HTML and CSS Reference
In-Depth Information
CSS Version
Specification URL
Classic CSS implementation that
introduced text, list, box, margin, border,
color, and background properties. Initially
defined in 1996, most every feature of
CSS1 is supported in Web browsers,
but small quirks do exist around some
lesser-used features like white-space,
letter-spacing, display, and others. Some
problems with CSS1 support are more
significant in older, pre-Internet Explorer 7
CSS2 Specification that is primarily known for
positioning and media, particularly print
style sheet features. Many aspects of
CSS2, such as aural style sheets, were
never widely implemented and were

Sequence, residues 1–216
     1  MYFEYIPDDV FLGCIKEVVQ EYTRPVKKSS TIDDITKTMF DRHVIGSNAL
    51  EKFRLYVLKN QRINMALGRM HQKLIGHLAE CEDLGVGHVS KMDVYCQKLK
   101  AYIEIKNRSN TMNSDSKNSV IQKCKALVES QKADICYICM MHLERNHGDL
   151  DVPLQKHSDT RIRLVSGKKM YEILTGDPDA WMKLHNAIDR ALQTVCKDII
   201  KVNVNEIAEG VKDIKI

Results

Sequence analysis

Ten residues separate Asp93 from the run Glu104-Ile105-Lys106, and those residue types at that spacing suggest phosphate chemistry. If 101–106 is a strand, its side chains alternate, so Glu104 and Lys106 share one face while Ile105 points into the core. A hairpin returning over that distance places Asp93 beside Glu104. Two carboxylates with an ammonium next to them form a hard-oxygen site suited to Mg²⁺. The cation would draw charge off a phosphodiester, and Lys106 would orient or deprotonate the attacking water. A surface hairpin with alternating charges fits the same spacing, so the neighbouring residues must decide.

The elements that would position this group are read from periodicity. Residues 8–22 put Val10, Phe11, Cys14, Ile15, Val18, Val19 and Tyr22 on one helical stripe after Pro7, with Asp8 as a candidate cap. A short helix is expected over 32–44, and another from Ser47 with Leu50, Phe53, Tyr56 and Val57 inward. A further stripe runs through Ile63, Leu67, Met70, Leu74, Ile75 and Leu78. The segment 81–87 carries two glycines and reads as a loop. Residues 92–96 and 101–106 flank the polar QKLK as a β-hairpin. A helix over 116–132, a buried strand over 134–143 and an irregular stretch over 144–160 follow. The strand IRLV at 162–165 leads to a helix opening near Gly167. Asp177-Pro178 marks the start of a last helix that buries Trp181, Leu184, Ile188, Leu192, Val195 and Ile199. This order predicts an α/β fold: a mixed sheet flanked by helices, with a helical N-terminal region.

removed in the later revision of this level
of CSS.
CSS 2.1
A revision of the CSS2 specification
that makes some corrections and is
normalized to more clearly represent what
most browser vendors have implemented.
Note that many CSS2 features removed
from this specification are found in
CSS3 modules. This is currently the
recommended CSS specification for
study and use.
Modularized specification of CSS. Various
modules extend and improve aspects
of previous CSS versions; for example,
the CSS3 Color module addresses color
correction, transparency, and more, while
the CSS3 Fonts module addresses features
to add effects to fonts, adjust their display,
and even download custom fonts. Some
modules are all new, like the Transitions
and Animations modules. In either the
improved or new feature situation, based
upon implementation and specification
maturation rates, readers are encouraged
to check the CSS3 Web site and test well,
because few features are likely to be cross
T ABLE 5-1 Description of Common CSS Versions
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